So there’s some concerns that the decision to unify these modes into one will just highlight the niggles even more, but it’s a mode that requires a considerable amount of playtime so we’re going to remain optimistic that our initial concerns will be downplayed as the mode develops and expands. The chance to start out as a player and work your way up from the reserves into the first team and ultimately become the manager at the end of your career is a challenge that will certainly make the wait for FIFA 12 whizz by in no time.
When you take to the field it appears that the objectives that governed your season and individual matches have been removed completely. Equally the messages that appeared when you played a good pass or missed a sliding tackle on the pitch have been replaced with a red and green flash on your overall match rating. It’s a wise choice as the system before it always felt a little too clinical, although we suspect the actual way it calculates things is probably as black and white as it was before.
But these are mere concerns because when it comes to actually getting on the pitch FIFA continues to shine. Although it’s a hard feature to really appreciate until you’ve actually got the controller in your hands, Personality+ looks like it could provide the momentum and blueprint for the series to continue evolving over the next few years. Immediately its influence over the action on the pitch over FIFA 10 are apparent. Pacey wing backs such as Patrice Evra will continuously bombard down the flanks in a manner much more noticeable then previous FIFA titles, while energetic midfielders such as Darren Fletcher make a greater effort to push forwards and get into the box. It provides more dynamism and variety to matches, while the individuality of each player combines to ensure teams also play with a more distinctive style that’s closer to how they do in the real world, such as Barcelona’s midfield combination of Xavi and Iniesta bossing the midfield with neat first touch passes and clever movement. It also forces you as a player to adapt to new styles and play with a greater variety then simply relying on the same techniques that guaranteed success in FIFA 10.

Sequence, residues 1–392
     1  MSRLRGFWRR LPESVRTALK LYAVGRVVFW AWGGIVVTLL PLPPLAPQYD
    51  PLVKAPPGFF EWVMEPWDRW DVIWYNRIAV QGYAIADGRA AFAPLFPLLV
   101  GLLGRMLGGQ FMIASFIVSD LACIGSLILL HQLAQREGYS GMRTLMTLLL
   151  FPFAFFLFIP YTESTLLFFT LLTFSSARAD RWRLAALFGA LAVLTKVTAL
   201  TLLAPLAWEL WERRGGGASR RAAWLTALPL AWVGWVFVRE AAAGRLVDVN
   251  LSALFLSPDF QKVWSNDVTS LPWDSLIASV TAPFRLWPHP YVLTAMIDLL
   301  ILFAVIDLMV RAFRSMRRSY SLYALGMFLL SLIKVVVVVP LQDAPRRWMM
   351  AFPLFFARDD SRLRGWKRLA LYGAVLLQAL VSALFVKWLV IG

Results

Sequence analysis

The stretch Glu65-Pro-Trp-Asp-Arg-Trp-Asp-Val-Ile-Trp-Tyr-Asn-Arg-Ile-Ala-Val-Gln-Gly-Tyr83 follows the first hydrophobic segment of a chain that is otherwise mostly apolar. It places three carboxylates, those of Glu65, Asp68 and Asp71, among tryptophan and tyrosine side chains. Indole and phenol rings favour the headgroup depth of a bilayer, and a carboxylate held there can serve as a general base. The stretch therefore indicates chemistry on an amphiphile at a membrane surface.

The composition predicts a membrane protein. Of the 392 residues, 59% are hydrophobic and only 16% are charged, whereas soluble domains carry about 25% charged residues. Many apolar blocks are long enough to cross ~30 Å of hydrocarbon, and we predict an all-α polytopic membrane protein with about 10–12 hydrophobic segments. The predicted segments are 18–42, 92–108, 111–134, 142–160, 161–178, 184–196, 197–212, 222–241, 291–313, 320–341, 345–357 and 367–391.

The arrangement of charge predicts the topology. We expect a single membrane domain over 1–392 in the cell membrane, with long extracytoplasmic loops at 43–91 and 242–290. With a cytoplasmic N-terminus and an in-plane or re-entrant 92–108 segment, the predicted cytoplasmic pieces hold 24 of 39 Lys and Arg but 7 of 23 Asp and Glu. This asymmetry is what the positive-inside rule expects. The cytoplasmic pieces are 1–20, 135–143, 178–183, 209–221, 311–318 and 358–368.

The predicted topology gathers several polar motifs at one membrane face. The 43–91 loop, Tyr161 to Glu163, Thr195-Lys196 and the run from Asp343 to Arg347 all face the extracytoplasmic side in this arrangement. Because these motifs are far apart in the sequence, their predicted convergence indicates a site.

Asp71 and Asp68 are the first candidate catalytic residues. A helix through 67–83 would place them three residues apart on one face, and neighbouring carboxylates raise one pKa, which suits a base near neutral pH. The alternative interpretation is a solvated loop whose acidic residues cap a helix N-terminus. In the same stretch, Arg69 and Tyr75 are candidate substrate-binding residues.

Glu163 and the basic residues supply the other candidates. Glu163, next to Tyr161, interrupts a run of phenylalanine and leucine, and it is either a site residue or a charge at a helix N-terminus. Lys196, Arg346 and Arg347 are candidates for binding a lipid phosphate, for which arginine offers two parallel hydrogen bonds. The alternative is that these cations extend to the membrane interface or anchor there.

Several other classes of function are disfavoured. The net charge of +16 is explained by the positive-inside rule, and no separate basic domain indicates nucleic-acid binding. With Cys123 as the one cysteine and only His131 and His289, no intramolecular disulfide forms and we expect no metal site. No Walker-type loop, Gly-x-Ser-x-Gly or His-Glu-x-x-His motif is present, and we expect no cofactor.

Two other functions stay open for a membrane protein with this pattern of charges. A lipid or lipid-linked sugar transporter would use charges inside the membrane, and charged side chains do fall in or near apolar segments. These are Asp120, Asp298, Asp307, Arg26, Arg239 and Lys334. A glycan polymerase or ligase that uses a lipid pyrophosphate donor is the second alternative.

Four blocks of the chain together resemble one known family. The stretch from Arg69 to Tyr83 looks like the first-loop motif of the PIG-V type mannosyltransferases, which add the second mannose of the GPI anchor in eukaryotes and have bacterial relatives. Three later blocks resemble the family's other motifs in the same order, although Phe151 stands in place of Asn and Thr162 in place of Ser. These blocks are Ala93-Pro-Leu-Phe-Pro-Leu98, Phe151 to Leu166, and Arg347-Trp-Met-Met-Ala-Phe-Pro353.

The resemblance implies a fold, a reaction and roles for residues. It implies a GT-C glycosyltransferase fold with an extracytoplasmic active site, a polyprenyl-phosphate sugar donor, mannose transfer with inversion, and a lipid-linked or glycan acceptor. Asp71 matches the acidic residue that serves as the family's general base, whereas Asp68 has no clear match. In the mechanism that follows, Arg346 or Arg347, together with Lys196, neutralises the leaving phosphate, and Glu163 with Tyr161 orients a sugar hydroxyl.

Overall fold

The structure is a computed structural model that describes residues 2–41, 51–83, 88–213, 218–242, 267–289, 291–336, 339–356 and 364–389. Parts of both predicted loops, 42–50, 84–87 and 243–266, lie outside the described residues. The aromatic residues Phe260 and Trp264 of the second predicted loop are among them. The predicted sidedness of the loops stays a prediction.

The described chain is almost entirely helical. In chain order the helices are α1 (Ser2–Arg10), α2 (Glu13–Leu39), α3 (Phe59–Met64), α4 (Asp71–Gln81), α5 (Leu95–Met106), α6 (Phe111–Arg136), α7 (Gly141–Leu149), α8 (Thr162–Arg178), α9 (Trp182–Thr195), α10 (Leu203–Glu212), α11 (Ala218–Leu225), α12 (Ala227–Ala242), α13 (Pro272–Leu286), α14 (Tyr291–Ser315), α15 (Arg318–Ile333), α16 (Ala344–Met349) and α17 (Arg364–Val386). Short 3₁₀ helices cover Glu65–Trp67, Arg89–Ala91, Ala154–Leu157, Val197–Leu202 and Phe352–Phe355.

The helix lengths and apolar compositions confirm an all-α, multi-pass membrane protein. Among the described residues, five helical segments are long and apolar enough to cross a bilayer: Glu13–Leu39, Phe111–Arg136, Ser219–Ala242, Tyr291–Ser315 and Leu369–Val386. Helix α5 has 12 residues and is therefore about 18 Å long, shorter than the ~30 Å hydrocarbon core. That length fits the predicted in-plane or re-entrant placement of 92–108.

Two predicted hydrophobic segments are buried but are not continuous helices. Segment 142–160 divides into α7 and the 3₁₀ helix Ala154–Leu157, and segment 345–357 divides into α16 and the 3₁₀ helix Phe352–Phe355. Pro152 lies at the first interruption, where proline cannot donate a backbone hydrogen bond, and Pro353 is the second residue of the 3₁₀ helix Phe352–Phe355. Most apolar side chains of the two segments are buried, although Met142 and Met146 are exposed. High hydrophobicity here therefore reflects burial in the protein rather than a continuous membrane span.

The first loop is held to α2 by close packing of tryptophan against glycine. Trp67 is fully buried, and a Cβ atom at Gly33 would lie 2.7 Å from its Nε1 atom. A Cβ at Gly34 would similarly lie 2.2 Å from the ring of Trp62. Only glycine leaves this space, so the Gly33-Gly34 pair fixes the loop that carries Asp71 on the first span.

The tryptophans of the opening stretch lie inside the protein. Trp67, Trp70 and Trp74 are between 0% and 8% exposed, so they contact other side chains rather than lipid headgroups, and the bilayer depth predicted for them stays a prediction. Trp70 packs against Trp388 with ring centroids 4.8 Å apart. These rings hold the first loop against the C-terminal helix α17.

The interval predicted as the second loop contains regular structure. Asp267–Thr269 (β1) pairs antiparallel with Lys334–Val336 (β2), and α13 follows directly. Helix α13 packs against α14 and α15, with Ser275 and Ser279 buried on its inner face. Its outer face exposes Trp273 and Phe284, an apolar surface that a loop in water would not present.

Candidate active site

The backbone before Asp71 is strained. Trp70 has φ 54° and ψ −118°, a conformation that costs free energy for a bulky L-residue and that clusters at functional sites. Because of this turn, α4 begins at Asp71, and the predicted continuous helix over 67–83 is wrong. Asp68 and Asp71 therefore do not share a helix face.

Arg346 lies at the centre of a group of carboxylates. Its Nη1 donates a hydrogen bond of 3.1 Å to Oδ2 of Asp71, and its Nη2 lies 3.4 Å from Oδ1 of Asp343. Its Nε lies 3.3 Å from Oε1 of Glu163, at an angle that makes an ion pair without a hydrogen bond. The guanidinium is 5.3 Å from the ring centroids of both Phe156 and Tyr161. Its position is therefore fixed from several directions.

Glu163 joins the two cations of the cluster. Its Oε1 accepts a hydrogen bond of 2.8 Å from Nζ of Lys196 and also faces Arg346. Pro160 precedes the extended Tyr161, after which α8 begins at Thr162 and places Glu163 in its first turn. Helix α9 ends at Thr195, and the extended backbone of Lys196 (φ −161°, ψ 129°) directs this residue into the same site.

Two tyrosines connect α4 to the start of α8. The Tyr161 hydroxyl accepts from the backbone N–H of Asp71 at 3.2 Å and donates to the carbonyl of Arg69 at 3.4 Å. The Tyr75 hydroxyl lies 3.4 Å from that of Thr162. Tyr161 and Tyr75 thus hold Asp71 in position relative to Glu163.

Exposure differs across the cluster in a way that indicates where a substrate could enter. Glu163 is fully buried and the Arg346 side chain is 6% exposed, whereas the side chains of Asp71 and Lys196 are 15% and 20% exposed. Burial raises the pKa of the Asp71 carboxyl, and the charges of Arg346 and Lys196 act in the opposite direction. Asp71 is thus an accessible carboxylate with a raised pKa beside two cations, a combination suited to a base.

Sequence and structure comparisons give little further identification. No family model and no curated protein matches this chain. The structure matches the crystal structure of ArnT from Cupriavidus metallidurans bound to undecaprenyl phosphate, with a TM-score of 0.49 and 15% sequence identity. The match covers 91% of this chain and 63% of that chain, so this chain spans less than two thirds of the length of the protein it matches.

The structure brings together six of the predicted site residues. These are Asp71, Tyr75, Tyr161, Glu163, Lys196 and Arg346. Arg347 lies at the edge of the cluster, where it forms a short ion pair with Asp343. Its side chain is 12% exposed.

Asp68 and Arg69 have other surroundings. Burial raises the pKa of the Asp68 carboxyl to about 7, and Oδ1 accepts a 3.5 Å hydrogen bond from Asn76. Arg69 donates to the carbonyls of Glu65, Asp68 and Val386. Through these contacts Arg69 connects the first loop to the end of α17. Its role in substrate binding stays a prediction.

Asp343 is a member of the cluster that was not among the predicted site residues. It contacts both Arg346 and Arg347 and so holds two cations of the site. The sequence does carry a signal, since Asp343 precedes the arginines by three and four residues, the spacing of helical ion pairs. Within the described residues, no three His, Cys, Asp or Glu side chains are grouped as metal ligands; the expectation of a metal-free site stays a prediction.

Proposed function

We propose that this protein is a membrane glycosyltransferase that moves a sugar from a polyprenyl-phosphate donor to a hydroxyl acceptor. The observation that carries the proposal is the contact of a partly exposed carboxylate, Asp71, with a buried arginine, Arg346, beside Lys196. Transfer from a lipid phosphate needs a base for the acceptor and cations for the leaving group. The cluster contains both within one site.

Pro Passing doesn’t appear to play so much significance but does at least reduce the pinball passing of previous FIFA games and combines with new animations such as bringing the ball down in mid-flight to add to the overall fluidity of the game. It’s somewhere a little closer to playing without any pass assistance, which could hopefully begin to bridge the gap when auto players play manual online. Equally the 360 Fight for Possession is a difficult feature to gauge at first. Tussles certainly seem to be less scripted in the defenders favour than before, which when combined with the traits of a strong player such as Wayne Rooney, do seem to benefit the attacker much more. It can occasionally seem as though players are stuck in canned animation sequences, however the preview build we’re playing does have a lengthy list of known issues and bugs so we’re pretty hopeful that EA Canada has been working on these ahead of the final version.
Does FIFA 11 have enough to continue expanding upon last year’s success? It’s a tough question particularly because there was a World Cup in-between games this year. But once the significance of Personality+ becomes apparent we’re pretty certain FIFA has enough where it counts to retain its crown again this year.